The top three finishers in the men’s and women’s 10K races at this year’s World Championships secured their qualifying spots in the 2024 Olympic Games 10K marathon swim. Germany is now the undisputed top power in the sport of open water swimming with Leonie Beck winning the women’s 10 km race and teammate Lea Boy finishing seventh yesterday, and Wellbrock and Klement finishing first and third, respectively, today.

Men’s 10 km Marathon Swim Results (Top finishers)

  1. Florian Wellbrock, Germany 1:50:40.30
  2. Kristóf Rasovszky, Hungary 1:50:59.00
  3. Oliver Klemet, Germany 1:51:00.80
  4. Domenico Acerenza, Italy 1:51:16.70
  5. Gregorio Paltrinieri, Italy 1:51:40.70
  6. Athanasios Kynigakis, Greece 1:51:42.10
  7. Nicholas Sloman, Australia 1:51:42.20
  8. Matan Roditi, Israel 1:51:43.80
  9. Logan Fontaine, France 1:52:41.70
  10. Hector Thomas Cheal Pardoe, Great Britain 1:53:04.20
  11. Paulo Strehlke Delgado, Mexico 1:53:04.40
  12. Sacha Velly, France 1:53:14.70
  13. Martin Straka, Czech Republic 1:53:16.20
  14. David Farinango, Ecuador 1:53:17.10
  15. Esteban Enderica Salgado, Ecuador 1:53:18.70
  16. David Betlehem, Hungary 1:53:30.90
  17. Jan Hercog, Austria 1:54:02.20
  18. Logan Vanhuys, Belgium 1:54:03.10
  19. Guillem Pujol, Spain 1:54:03.10
  20. Tiago Campos, Portugal 1:54:05.50
  21. Franco Ivo Cassini, Argentina 1:54:07.40
  22. Kaiki Furuhata, Japan 1:54:07.70
  23. Diogo Cardoso, Portugal 1:54:08.70
  24. Joaquin Moreno, Argentina 1:54:09.70
  25. Asterios Daldogiannis, Greece 1:54:10.30
  26. Christian Schreiber, Switzerland 1:54:11.50
  27. Eric Hedlin, Canada 1:54:25.40
  28. Eric Georges Brown, Canada 1:55:31.20
  29. Yonatan Ahdut, Israel 1:57:05.20
  30. Joey Tepper, USA 1:57:23.90
  31. Ondrej Zach, Czech Republic 1:57:36.70
  32. Cheng-Chi Cho, Taipei 1:59:19.70
  33. Jaehun Park, Korea 2:00:09.50
  34. Johndry Segovia, Venezuela 2:00:20.50
  35. Tianchen Lan, China 2:00:37.50
  36. Theo Druenne, Monaco 2:00:46.80
  37. Connor Buck, South Africa 2:01:34.70
  38. Adrian Gustavo Ywanaga Papi, Peru 2:02:36.00
  39. Lev Cherepanov, Kazakhstan 2:03:08.40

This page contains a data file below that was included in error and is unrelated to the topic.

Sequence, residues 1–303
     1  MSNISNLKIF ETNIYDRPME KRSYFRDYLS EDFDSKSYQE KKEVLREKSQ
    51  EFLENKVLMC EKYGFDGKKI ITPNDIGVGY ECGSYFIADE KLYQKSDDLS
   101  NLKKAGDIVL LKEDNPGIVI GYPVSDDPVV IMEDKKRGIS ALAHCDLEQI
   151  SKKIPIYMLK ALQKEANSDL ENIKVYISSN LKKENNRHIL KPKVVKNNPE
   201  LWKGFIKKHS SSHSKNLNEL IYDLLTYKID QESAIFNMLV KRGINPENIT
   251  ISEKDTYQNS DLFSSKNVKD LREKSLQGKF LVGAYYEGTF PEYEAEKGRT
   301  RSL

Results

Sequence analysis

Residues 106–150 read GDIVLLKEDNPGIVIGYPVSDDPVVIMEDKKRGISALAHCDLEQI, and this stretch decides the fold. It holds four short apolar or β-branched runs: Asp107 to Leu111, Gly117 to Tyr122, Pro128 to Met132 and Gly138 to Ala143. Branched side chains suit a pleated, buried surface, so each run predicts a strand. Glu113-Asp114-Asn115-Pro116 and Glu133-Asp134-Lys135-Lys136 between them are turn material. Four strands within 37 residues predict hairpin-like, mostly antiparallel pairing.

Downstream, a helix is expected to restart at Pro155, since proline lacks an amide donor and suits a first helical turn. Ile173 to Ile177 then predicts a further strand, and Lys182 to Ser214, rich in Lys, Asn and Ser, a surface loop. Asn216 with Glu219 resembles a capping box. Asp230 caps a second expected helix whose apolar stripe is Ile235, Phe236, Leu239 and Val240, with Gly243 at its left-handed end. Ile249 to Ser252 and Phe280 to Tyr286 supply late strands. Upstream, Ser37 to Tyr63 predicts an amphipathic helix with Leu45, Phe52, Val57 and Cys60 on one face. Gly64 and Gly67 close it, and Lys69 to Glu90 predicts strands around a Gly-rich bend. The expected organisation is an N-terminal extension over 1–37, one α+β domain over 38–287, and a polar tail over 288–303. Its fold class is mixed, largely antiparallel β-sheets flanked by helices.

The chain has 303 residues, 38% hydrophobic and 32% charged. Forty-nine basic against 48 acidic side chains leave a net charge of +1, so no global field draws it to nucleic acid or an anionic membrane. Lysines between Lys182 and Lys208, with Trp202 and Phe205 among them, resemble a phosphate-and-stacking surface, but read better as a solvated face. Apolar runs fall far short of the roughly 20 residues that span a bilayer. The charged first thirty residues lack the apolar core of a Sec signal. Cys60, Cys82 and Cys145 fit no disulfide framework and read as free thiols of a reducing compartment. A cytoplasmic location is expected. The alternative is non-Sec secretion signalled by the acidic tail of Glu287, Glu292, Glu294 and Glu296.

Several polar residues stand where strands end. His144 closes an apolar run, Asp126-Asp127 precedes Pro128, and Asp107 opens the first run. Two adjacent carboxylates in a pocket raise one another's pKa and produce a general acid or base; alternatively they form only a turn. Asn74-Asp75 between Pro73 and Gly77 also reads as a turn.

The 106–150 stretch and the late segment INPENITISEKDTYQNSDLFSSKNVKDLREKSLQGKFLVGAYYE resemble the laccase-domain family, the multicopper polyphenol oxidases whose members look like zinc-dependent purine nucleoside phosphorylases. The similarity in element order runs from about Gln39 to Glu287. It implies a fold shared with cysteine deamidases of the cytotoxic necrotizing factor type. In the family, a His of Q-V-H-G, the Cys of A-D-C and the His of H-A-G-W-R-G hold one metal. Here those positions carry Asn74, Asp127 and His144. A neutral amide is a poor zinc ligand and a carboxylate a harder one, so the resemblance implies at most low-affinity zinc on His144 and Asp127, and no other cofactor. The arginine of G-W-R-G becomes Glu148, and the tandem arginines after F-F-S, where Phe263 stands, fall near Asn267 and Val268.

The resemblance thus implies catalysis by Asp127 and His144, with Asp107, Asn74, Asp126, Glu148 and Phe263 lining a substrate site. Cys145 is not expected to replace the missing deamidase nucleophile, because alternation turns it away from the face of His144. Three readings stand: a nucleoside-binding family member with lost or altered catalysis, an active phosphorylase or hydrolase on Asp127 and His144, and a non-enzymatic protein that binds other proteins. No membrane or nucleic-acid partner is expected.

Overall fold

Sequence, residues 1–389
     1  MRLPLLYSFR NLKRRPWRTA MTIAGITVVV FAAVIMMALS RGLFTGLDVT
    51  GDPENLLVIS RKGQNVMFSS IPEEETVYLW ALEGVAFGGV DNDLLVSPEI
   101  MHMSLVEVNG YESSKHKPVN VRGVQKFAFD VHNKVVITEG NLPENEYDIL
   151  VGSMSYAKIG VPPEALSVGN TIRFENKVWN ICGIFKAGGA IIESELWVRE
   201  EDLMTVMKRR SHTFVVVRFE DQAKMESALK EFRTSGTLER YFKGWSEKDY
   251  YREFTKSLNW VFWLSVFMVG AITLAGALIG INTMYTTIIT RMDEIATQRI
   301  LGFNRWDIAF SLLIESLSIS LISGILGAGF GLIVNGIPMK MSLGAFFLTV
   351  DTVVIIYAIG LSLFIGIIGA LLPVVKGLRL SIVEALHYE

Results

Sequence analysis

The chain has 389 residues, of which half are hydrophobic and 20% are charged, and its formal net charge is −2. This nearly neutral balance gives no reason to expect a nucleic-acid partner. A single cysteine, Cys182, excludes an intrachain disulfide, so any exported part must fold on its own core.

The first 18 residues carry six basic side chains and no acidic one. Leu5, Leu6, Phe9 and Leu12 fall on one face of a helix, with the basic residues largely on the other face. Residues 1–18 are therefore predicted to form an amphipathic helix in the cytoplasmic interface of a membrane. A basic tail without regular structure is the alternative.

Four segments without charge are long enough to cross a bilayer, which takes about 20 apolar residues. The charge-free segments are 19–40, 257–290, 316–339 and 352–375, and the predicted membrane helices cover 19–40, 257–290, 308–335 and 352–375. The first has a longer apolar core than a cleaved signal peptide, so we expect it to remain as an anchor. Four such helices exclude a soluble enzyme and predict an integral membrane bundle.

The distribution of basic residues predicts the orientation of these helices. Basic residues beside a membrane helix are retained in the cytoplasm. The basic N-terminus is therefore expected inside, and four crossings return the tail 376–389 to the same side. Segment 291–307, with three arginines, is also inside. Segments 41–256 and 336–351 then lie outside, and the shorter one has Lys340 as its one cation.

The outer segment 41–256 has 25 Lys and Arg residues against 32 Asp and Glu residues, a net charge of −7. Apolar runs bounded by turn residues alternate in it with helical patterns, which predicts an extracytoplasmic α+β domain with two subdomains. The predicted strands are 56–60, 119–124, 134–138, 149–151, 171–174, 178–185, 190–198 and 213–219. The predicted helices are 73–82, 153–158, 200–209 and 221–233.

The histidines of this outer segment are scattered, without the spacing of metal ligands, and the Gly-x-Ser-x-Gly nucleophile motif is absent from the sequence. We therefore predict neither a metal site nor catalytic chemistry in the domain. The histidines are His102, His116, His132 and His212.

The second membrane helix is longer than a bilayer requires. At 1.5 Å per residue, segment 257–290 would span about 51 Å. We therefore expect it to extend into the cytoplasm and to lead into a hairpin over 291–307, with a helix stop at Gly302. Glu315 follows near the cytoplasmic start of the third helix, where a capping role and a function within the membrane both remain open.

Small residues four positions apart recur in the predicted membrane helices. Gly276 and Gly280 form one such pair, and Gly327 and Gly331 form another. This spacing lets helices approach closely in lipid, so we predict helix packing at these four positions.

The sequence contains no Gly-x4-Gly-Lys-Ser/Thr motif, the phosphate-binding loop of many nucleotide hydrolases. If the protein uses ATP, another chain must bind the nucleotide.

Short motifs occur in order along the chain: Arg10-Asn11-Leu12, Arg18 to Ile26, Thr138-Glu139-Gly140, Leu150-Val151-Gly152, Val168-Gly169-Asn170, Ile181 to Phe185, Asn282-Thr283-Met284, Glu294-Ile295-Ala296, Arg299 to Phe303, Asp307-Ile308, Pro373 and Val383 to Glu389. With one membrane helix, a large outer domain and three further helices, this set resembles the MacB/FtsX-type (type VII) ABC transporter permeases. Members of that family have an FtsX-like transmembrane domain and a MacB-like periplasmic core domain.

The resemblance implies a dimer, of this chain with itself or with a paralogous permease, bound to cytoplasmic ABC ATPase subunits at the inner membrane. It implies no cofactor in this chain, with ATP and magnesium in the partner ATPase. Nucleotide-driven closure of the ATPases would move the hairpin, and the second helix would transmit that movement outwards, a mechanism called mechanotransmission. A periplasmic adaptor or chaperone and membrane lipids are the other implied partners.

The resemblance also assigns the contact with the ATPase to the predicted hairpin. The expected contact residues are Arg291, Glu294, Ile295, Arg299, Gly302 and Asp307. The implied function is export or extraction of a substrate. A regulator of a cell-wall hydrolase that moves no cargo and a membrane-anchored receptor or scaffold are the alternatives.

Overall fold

40. Ziyang Zhang, China 2:03:46.20
  41. William Yan Thorley, Hong Kong 2:04:20.40
  42. Tomas Peciar, Slovakia 2:04:22.20
  43. Jeison Rojas, Costa Rica 2:04:33.10
  44. Afiah Fadian Prawira, Indonesia 2:04:41.70
  45. Joshua Ashley, South Africa 2:04:53.60
  46. Tanakrit Kittiya, Thailand 2:05:07.40
  47. Diego Vera, Venezuela 2:05:47.80
  48. Christian B Bayo, Puerto Rico 2:06:01.90

Wellbrock joined the following 10 km world and Olympic champions. The first 10 km world championship was held in 2001 along the same course:

  • 2022 Budapest: Gregorio Paltrinieri, Italy
  • 2020 Tokyo: Florian Wellbrock, Germany
  • 2019 Gwangyu: Florian Wellbrock, Germany
  • 2017 Budapest: Ferry Weertman, Netherlands
  • 2016 Rio de Janeiro: Ferry Weertman, Netherlands
  • 2015 Kazan: Jordan Wilimovsky, USA
  • 2013 Barcelona: Spyridon Gianniotis, Greece
  • 2012 London: Oussama Mellouli, Tunisia
  • 2011 Shanghai: Spyridon Gianniotis, Greece
  • 2009 Rome: Thomas Lurz, Germany
  • 2008 Beijing: Maarten van der Weijden, Netherlands
  • 2007 Melbourne: Vladimir Dyatchin, Russia
  • 2005 Montreal: Chip Peterson, USA
  • 2003 Barcelona: Vladimir Dyatchin, Russia
  • 2001 Fukuoka: Yevgeny Bezruchenko, Russia

Open water swimming continues Tuesday (Monday evening in USA time zones) with the women’s 5 km at 7:00 pm Monday EST), followed by the men’s 5 km at 9:00 pm Monday EST. The 4×1500 relay follows on Wednesday, while the 25 km race – that has been a part of the World Championships since 1991 – is no longer conducted at the world championships.

© 2023 Daily News of Open Water Swimming